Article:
Reading Harvard historian Niall Ferguson’s latest book, Civilization: The West and the Rest, I was struck by this yet again.
In Civilization, Ferguson objectively examines why so-called western nations have been so successful over the last five hundred or so years. He points out that in 1500, China was far ahead of western countries by any standard of measure. He proposes that the western use of what he calls “killer apps” - competition, science, democracy, medicine, consumerism and the work ethic were the source of this rise of western countries.
At the end of the book Ferguson looks at the reasons why the western countries are now losing their way, while nations like China are rising.
Ferguson does not list Christianity as one of “the killer apps” of western civilization. But that is perhaps because it is deeper than that. He points out that capitalism and consumerism without limits can be equally destructive. Much of the western world has spent itself broke. He points out that Christianity encourages competition and entrepreneurship coupled with asceticism. That is to say, one can work hard and generate profit, but still have a firm belief that personal gain is not the end goal. He writes that in China the explosion of capitalism going hand in hand with a high personal savings rate is a key to the rise of China.
Here is an excerpt Civilization talking about how the rise in productivity in China has been correlated with the rise in Christianity there. In particular, the shared moral framework that is part of Christianity helps engender trust, which in turn results in more business transactions.
Yuan Zhiming, a Christian film-maker, agrees: ‘The most important thing, the core of Western Civilization… is Christianity’. According to Professor Zhao Xiao, himself a convert, Christianity offers China a new ‘common moral foundation’ capable of reducing corruption, narrowing the gap between rich and poor, promoting philanthropy and even preventing pollution. ‘Economic viability requires a serious moral ethos,’ in the words of another scholar, ‘more than just hedonistic consumerism and dishonest strategy.’And again quoting Zhuo Xinping, a Chinese academic:
Only by accepting this understanding of transcendence as our criterion can we understand the real meaning of such concepts as freedom, human rights, tolerance, equality, justice, democracy, the rule, universality, and environmental protection.I believe that capitalism has shown itself to be the greatest means of creating wealth. However, building shareholder value, profit, without any moral boundaries can be dangerous. We have witnessed in the housing bubble and ensuing crisis a great number of financial institutions and individuals pursuing accumulation without prudence - living for today. Christianity, through what Ferguson refers to as the “work ethic” encourages believers to do their job to the best of their ability without forgetting that, this world is not all there is; that each individual is of infinite value; that we must answer for our actions some day before God. Thus, a Christian does not have to be ashamed to be an investment banker or venture capitalist, but as he or she does her job they must keep in mind that their life will not be summed up by looking at their bank account at the end of the day. Moreover, the increased perception that the financial industry has ethical issues has led to increased distrust. This will result in individuals being less willing to trust others to invest their money and so lead to a decrease in the capital available to invest in new ideas that can help take the economy forward.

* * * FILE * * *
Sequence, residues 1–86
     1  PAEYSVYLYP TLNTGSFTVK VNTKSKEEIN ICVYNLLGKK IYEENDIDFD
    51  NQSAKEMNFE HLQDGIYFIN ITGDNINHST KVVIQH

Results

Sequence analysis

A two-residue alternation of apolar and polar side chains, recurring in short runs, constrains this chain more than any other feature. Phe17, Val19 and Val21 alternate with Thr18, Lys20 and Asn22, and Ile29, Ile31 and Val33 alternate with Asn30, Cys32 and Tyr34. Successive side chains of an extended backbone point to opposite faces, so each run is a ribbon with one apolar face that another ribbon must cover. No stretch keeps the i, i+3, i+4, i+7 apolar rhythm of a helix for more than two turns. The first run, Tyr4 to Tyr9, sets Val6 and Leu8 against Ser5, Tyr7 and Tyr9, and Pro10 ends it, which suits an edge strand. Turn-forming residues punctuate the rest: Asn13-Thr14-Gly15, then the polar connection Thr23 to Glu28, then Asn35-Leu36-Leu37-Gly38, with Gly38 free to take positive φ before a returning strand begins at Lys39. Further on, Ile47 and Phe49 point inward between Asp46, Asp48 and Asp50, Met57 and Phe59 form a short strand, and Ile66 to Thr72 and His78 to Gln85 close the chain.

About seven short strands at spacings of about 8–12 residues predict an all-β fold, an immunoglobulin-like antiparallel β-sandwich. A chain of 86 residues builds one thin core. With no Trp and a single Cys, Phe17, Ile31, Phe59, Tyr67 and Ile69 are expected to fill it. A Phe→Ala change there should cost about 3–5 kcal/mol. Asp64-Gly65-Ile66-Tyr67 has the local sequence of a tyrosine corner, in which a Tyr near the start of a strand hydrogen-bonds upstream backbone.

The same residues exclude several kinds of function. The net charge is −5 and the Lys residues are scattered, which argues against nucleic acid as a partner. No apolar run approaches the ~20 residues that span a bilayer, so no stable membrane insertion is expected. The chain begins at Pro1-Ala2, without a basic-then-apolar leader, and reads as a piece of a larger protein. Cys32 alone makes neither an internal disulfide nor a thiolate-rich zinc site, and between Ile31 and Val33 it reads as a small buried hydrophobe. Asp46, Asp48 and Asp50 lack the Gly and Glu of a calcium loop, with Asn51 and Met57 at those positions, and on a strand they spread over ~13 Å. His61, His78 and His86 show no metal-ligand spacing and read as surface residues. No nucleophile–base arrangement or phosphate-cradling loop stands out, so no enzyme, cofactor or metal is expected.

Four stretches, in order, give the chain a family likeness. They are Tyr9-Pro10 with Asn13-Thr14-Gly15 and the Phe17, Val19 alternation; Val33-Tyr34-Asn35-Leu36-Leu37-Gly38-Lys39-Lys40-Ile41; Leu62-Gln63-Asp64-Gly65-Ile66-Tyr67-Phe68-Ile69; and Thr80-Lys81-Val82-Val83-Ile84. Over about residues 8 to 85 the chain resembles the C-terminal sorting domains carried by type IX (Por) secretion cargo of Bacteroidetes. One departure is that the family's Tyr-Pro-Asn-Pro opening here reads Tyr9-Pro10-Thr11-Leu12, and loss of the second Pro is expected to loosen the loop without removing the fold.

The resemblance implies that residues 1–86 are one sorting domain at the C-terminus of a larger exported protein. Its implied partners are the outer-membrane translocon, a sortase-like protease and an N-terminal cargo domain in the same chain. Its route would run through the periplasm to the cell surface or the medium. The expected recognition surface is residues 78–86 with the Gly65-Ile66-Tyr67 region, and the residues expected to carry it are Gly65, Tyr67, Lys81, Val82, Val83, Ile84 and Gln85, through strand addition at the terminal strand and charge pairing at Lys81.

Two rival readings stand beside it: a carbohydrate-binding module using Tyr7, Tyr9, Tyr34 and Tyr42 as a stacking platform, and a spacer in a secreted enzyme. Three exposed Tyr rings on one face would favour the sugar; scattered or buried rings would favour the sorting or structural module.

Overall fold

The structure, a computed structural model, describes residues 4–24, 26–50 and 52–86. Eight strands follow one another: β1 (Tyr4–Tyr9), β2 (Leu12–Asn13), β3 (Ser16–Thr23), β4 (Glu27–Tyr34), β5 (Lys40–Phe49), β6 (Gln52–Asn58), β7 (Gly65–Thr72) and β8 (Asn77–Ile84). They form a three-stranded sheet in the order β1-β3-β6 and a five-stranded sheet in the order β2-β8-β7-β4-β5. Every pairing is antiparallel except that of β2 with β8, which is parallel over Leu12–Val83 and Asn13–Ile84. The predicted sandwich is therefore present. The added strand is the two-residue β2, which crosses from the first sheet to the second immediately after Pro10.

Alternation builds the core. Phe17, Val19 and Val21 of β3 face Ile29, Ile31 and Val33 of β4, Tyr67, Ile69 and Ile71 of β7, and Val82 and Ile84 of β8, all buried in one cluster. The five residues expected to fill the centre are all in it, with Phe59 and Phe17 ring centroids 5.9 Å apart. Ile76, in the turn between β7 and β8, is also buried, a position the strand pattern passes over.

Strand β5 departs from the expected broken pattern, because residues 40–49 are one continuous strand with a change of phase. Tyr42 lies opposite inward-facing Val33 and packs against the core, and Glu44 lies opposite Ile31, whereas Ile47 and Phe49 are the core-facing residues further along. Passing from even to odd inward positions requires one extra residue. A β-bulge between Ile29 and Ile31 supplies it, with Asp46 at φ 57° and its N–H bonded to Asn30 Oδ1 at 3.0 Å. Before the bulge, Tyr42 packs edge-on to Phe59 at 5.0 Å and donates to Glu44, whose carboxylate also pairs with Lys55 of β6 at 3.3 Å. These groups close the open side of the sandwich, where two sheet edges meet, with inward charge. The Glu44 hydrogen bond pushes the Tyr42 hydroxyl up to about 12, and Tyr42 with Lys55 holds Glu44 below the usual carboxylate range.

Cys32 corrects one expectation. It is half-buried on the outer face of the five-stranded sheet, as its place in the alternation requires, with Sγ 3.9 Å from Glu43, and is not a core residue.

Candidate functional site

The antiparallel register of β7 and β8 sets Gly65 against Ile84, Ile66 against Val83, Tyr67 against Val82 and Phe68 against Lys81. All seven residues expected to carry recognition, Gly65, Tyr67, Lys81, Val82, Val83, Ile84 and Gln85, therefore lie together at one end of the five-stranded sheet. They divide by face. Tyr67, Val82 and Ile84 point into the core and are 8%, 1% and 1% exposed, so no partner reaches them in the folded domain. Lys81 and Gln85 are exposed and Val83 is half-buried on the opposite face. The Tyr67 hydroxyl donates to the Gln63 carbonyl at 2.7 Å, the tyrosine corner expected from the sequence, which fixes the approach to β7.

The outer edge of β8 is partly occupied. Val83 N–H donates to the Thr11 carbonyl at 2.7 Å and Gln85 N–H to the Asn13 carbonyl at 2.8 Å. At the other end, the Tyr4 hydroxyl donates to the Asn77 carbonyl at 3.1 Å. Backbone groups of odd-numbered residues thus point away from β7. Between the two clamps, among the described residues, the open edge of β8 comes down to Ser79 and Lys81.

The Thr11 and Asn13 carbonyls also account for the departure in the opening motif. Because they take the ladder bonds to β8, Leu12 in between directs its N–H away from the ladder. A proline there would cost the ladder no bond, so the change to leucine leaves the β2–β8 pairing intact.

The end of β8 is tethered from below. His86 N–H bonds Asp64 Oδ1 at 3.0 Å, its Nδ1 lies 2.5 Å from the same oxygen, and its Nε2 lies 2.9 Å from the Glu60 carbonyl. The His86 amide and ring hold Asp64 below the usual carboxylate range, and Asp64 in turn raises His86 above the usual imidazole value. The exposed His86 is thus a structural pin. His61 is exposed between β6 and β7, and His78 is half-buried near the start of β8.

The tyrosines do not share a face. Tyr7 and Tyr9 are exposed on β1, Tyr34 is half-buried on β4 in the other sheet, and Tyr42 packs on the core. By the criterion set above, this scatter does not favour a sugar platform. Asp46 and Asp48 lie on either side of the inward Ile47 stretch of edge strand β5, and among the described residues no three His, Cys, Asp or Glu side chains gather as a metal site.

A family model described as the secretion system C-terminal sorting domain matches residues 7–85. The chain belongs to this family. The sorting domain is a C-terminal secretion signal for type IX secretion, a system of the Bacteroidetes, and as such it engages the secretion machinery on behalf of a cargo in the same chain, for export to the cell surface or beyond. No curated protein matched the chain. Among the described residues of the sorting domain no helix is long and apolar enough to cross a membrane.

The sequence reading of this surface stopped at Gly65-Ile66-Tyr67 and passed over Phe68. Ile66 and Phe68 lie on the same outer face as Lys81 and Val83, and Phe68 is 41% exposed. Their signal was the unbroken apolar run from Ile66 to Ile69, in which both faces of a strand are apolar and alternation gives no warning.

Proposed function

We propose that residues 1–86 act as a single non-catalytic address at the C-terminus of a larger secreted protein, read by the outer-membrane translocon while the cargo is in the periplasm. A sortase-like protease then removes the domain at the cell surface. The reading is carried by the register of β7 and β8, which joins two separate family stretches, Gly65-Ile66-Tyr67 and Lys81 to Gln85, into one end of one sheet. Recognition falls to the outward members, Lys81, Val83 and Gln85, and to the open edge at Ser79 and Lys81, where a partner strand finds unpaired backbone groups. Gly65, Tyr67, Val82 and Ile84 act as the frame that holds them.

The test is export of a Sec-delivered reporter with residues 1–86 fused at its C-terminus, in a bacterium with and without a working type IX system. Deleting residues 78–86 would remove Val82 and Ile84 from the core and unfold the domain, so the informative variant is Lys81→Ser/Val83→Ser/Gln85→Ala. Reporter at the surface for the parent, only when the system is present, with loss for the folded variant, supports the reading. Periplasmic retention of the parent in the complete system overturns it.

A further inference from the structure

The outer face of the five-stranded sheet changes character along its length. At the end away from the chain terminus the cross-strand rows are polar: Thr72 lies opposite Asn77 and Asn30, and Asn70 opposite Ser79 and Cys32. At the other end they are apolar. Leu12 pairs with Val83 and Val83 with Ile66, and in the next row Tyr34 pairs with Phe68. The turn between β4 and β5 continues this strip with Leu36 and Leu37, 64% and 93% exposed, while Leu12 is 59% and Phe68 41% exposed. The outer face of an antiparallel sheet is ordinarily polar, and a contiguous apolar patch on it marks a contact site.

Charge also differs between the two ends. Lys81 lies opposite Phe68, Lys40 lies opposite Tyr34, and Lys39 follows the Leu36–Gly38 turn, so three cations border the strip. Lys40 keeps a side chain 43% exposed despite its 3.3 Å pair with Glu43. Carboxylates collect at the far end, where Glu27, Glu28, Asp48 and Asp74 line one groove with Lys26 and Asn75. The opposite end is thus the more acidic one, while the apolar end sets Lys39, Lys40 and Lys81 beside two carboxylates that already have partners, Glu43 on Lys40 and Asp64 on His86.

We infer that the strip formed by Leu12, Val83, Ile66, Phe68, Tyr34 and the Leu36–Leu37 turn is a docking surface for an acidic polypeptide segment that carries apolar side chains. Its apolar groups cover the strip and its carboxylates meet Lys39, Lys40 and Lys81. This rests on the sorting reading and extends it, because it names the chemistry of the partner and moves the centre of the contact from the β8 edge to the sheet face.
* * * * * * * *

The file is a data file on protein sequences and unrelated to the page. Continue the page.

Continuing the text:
Ferguson also points out that Christianity underlies the democratic freedoms enjoyed in the western world. He states that the democracy brought about by the French Revolution and its cult of “Reason” and prohibition on the worship of God lead to terror.
Free democracies have proved to be the best systems to allow humans to realize their aspirations. But, do legal documents, such as the U.S. constitution that underpin democracy, guarantee our freedom, or is it the respect for the rule of law and the opinions of others? As political differences increase, what tempers the urge to take our political beliefs and violently press them on those who disagree with us? Without the core principal that each person is of infinite worth, will the temptation to believe that our political vision will so better society that the end justifies the means bring us to the guillotine?
And we complain about the lack of ethics on Wall Street and the problems with our democracy. Perhaps we should take a closer look at the moral framework, or lack thereof, undergirding our democracy and corporate sector.
Since this moral framework appears to be in decline simultaneously with the decline of belief in the western world in Christianity, perhaps we should look again at Christianity.
You can purchase Civilization here.
 Niall Ferguson, Civilization: The West and the Rest, The Penguin Press, New York (2011); 4-5.
 Ibid. 153.
 Ibid. 287.